October 8, 2016
By Candace Longfellow
4 STREETWEAR BRANDS TO CONSIGN NOW
While the luxury fashion industry has, at times, struggled to adjust to the ever-evolving modern world and its unrelenting demand for new content, the somewhat under-the-radar streetwear movement has managed to capitalize on the digital revolution and millennial purchasing power. With its finger on the pulse of today’s youth, streetwear has rejected the concept of biannual collections from the start, opting instead to release super-limited product drops several times per year (and sometimes multiple times a month), which not only ensures that every item sells in minutes, but also creates a constant buzz as brand-loyal customers breathlessly await the next collection.
Intentionally or not, they have also disrupted the secondary market. Demand for these limited items is so intense that their resale value is often far higher than retail. Many brands welcome resale, as it drives more customers to purchase pieces as soon as they become available. Here, we’ve rounded up the four best brands that you can consign now on The RealReal and earn top dollar fast.
A brand Vogue once referred to as “the Chanel of streetwear,” Supreme first launched in 1994, taking influences from punk rock, Southern California skaters, 1980s hip hop and military garb to create what’s now a cult favorite. For years, the brand was only recognized by in-the-know street kids. Founder James Jebbia notoriously avoids interviews, and brand marketing is almost as limited as the label’s short-run product drops, which keeps the 12-year-old company in high demand.
New items are released every Thursday, and loyal fans camp out in front of Supreme’s nine brick-and-mortar stores for days in advance in order to snag the newest inventory (or impatiently refresh their browsers between 10:55am and 11:00am EST when the product hits the site). Jebbia aims to keep the brand in-tune with the younger generation, so he keeps prices affordable with T-shirts starting at $26, but small-batch collections and fast sell-outs mean the brand’s most buzzed-about pieces go for 15 times the retail price in the secondary market. If you’re looking to cash in on Supreme’s extreme demand, opt for iconic pieces like flat-brimmed caps, sweatshirts, T-shirts and of course, anything with the beloved red box logo.
With luxe fabrication and inventive silhouettes, Off -White launched in 2013 aiming to blend the concepts of high fashion and underground streetwear. “In a large part streetwear is seen as cheap,” founder (and former Kanye West style consultant) Virgil Abloh told Business of Fashion. “What my goal has been is to add an intellectual layer to it and make it credible.” From biannual runway collections to a Selfridges shop-in-shop to a MATCHESFASHION.COM capsule collection, the brand has positioned itself as a luxury fashion company, often sold alongside the likes of Prada and Givenchy. Though Off-White’s collections are more widely available than traditional streetwear brands, the label can still fetch a nice resale price with iconic items selling for as much as 95% of the original price. In terms of cost per wear, it’s easy to justify a splurge when you consider that you can quickly make nearly all of your money back and fund your next purchase. Your best bet for high resale value are camouflage bomber jackets, anything with the graphic black and white striped logo and the Levi’s Made and Crafted collaboration.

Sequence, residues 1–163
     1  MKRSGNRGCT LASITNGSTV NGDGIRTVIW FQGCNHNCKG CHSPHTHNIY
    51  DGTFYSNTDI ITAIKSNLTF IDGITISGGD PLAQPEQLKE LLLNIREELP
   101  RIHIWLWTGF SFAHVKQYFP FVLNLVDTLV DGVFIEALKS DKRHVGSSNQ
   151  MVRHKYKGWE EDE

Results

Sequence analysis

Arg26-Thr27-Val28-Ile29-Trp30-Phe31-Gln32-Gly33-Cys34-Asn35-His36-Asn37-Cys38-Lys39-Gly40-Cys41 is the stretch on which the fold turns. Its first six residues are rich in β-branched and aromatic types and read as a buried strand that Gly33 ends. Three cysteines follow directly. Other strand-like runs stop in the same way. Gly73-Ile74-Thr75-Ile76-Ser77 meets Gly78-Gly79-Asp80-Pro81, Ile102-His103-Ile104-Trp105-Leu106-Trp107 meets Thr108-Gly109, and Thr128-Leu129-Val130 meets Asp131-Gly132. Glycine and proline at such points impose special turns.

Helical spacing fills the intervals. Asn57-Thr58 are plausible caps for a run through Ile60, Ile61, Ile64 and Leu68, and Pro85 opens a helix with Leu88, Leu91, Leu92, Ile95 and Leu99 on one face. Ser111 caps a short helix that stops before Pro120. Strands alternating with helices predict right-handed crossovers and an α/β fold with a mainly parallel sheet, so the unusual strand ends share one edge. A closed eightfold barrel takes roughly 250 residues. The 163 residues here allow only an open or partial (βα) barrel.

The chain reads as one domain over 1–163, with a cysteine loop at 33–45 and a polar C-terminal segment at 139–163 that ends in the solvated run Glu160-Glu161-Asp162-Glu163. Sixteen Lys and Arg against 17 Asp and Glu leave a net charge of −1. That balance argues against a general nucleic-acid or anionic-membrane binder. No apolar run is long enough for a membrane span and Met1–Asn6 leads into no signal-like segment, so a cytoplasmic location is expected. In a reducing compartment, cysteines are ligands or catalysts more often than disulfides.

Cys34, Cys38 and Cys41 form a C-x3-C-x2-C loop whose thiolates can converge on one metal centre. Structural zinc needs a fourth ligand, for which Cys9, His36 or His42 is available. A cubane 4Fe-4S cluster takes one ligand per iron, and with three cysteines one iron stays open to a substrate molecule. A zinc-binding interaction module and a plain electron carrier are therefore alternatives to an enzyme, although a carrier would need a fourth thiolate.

Fear of God
With an aesthetic founder Jerry Lorenzo describes as “grunge chic,” Fear of God blends a dash of Kurt Cobain, a pinch of Rick Owens, a sprinkling of Axl Rose and a spoonful of religious references to create one of the most coveted high-end streetwear brands currently on the market. Inspired by his Christian faith and channeling the youth culture of his hometown of Los Angeles, the self-taught designer debuted the first FOG collection just three years ago. Fans abound from average teens saving up their allowance for $400 flannels to celebrity customers like Justin Bieber, who had his entire Purpose tour wardrobe furnished by the brand, the same year Kanye West selected Lorenzo as part of his own design team. The retail prices are on the higher end compared with brands like Supreme, but all the hype means that pieces sell for about 90% of the original price and on The RealReal, usually within 24 hours. FOG’s most sought-after styles include bomber jackets, sleeveless plaid flannels and longline t-shirts.
After a 20% revenue decline in 2014, Adidas has managed to make a huge comeback over the past few years. A return to their iconic throwback styles, the athleisure craze, increasingly frequent product drops and a host of celebrity collaborations have laid the groundwork for the floundering sportswear brand to make a spectacular turnaround. 2015 marked the debut of the first Yeezy Boost sneakers: a pair of shoes that sparked a major frenzy in the sneaker world, leading to huge markups and a flood of counterfeits. While most Three Stripes shoes retail for around $240, in the secondary market their value appreciates to at least four times that amount, and on The RealReal, often sell within the first day. Besides Yeezy, other best selling collections to consign include Pharrell’s recent Human Race release and Raf Simons’ minimal low-tops.
Ready to consign your streetwear & fund your next cult item purchase? Start consigning here.